Drew Friedman is not just one of America's most well-known and widely respected illustrators, but his work is arguably the most identifiable. Having worked for counterculture bibles over the years like National Lampoon, RAW, Screw, SPY and Mad, Friedman has, in the past fifteen years, garnered mainstream respectability with onslaughts of work for Entertainment Weekly, Mother Jones, Newsweek, The New York Times, Rolling Stone, The New Republic, The Weekly Standard, Time and countless others. Friedman has also published several entertaining books, including his two critically acclaimed collections of portraits titled Old Jewish Comedians. I spoke with Drew Friedman recently in anticipation of his new collection, an overview of those last fifteen years of mainstream respectability: Too Soon? Famous/Infamous Faces 1995-2010 from Fantagraphics Books.
Kliph Nesteroff: I heard that you were recently at a party with Albert Brooks. Had you met Albert before?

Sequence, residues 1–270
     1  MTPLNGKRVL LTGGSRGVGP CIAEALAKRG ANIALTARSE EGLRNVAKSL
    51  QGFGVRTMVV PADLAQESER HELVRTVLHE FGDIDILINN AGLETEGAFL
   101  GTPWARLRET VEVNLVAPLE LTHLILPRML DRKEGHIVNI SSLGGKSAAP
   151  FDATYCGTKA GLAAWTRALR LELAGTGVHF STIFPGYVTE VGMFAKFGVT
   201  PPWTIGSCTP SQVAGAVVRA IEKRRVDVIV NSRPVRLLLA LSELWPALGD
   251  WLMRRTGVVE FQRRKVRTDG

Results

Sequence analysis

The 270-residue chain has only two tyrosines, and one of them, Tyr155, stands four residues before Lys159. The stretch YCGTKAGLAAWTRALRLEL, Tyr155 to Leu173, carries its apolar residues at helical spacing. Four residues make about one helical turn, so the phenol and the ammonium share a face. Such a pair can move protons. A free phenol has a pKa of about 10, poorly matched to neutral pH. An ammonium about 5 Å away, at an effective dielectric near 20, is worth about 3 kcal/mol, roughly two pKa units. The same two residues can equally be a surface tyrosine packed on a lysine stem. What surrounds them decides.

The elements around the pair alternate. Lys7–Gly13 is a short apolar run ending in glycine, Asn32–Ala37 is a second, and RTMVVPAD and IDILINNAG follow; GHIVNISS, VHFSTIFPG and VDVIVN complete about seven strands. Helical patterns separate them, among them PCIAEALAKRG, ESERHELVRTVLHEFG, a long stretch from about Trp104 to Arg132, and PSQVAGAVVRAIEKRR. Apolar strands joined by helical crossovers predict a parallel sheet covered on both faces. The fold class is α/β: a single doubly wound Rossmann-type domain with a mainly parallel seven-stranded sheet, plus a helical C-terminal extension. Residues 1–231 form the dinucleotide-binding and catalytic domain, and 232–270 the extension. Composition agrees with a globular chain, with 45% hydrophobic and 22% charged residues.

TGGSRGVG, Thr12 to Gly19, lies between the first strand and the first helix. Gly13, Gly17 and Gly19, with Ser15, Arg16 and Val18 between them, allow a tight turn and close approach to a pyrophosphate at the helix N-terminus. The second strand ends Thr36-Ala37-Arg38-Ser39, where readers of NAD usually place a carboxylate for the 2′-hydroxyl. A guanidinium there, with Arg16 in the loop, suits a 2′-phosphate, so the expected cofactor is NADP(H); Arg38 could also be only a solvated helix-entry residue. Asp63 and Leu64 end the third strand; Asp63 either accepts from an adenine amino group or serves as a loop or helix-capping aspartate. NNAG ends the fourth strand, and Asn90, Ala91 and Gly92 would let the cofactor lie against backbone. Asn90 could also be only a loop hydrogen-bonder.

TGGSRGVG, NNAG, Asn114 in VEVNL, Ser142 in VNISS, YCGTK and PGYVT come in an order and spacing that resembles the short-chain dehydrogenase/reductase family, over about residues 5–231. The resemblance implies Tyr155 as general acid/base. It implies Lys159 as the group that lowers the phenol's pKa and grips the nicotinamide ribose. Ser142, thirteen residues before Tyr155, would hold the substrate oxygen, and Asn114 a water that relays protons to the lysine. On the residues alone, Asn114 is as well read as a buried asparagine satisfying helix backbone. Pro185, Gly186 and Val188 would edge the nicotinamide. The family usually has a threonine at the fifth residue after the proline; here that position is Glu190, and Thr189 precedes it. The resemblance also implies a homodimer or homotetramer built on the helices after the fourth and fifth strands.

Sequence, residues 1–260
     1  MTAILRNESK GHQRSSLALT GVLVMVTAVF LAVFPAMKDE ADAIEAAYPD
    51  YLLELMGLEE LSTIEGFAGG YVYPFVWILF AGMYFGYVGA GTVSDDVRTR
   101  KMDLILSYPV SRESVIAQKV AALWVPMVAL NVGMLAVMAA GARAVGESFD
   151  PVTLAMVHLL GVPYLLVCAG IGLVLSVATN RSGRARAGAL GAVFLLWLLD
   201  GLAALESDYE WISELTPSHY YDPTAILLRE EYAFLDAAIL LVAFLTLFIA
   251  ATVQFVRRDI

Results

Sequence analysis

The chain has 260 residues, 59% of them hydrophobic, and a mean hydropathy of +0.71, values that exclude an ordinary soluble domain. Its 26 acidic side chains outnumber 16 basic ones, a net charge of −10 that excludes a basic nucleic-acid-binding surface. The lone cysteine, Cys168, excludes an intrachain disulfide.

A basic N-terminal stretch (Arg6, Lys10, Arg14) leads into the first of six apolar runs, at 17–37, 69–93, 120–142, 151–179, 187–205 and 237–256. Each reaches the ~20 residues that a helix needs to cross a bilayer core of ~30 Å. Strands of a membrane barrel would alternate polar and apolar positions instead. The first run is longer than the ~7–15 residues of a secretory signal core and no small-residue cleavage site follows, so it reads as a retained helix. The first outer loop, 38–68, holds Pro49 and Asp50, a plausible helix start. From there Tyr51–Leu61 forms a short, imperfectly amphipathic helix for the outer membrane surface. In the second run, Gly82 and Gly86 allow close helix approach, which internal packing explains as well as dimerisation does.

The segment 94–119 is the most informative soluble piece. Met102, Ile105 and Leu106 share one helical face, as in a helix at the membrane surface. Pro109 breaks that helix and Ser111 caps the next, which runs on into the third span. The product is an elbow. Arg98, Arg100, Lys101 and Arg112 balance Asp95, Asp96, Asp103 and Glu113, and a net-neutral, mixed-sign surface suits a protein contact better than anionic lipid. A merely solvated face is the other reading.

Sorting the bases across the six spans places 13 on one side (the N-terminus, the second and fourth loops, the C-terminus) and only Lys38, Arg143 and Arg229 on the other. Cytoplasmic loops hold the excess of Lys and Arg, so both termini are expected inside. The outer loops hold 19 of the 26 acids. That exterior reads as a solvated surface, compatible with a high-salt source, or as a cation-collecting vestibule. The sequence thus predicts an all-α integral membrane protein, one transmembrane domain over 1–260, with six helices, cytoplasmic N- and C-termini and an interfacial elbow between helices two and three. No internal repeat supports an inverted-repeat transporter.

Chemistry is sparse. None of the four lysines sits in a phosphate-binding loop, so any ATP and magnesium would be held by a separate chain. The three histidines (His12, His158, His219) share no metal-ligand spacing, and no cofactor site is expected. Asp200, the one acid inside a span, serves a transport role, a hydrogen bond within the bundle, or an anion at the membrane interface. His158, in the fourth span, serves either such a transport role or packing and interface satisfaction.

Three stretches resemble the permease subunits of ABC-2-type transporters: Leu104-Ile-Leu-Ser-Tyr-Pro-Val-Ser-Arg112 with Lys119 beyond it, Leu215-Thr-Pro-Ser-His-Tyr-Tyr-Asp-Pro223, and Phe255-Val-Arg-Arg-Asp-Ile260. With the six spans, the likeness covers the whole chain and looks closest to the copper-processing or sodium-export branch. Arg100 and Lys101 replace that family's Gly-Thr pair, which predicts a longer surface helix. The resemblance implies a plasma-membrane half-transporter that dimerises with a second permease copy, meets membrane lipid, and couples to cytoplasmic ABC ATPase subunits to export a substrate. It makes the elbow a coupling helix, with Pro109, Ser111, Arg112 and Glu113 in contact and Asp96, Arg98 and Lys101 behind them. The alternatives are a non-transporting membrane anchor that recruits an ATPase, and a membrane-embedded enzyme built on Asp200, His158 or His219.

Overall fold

Drew Friedman: No, that was the first time. It was a recent party in Los Angeles and Albert was a guest at the party. I'm a huge Albert Brooks fan, dating back to the early seventies - seeing him on The Flip Wilson Show and Saturday Night Live, even Ed Sullivan. It was a treat to meet him. I'm not sure if he knew who I was, but I gave him a couple copies of my Jewish comedian books, which he enjoyed. He asked if his dad was in there because his dad had been a comedian called Parkyarkarkus. His father was actually named Harry Einstein and as a joke named his son Albert. Albert Brooks' real name is Albert Einstein, he changed it to Brooks when he became a comedian. I said, "No, your father died a little too young." His dad actually died on the dais at the Friar's Club in nineteen fifty-eight at a tribute to Lucille Ball and Desi Arnaz. He died right on the dais right after doing his act, when Albert was twelve. This is all incidental. When I was talking to Albert at this party he said, "Drew, did you know that Harpo's ex-wife married Frank Sinatra?" I said, "No, it was Zeppo's ex-wife." He said, "No, no, it was Harpo's ex-wife." I said, "No, it was Zeppo's ex-wife. Look, we have Andy Marx, Groucho's grandson standing right here. Let's ask him." I said, "Andy, which one of your uncles married Frank Sinatra's wife?" He said, "Well, that was Zeppo's wife." That's why I love L.A. It's handy to have Groucho's grandson [around] when you need him.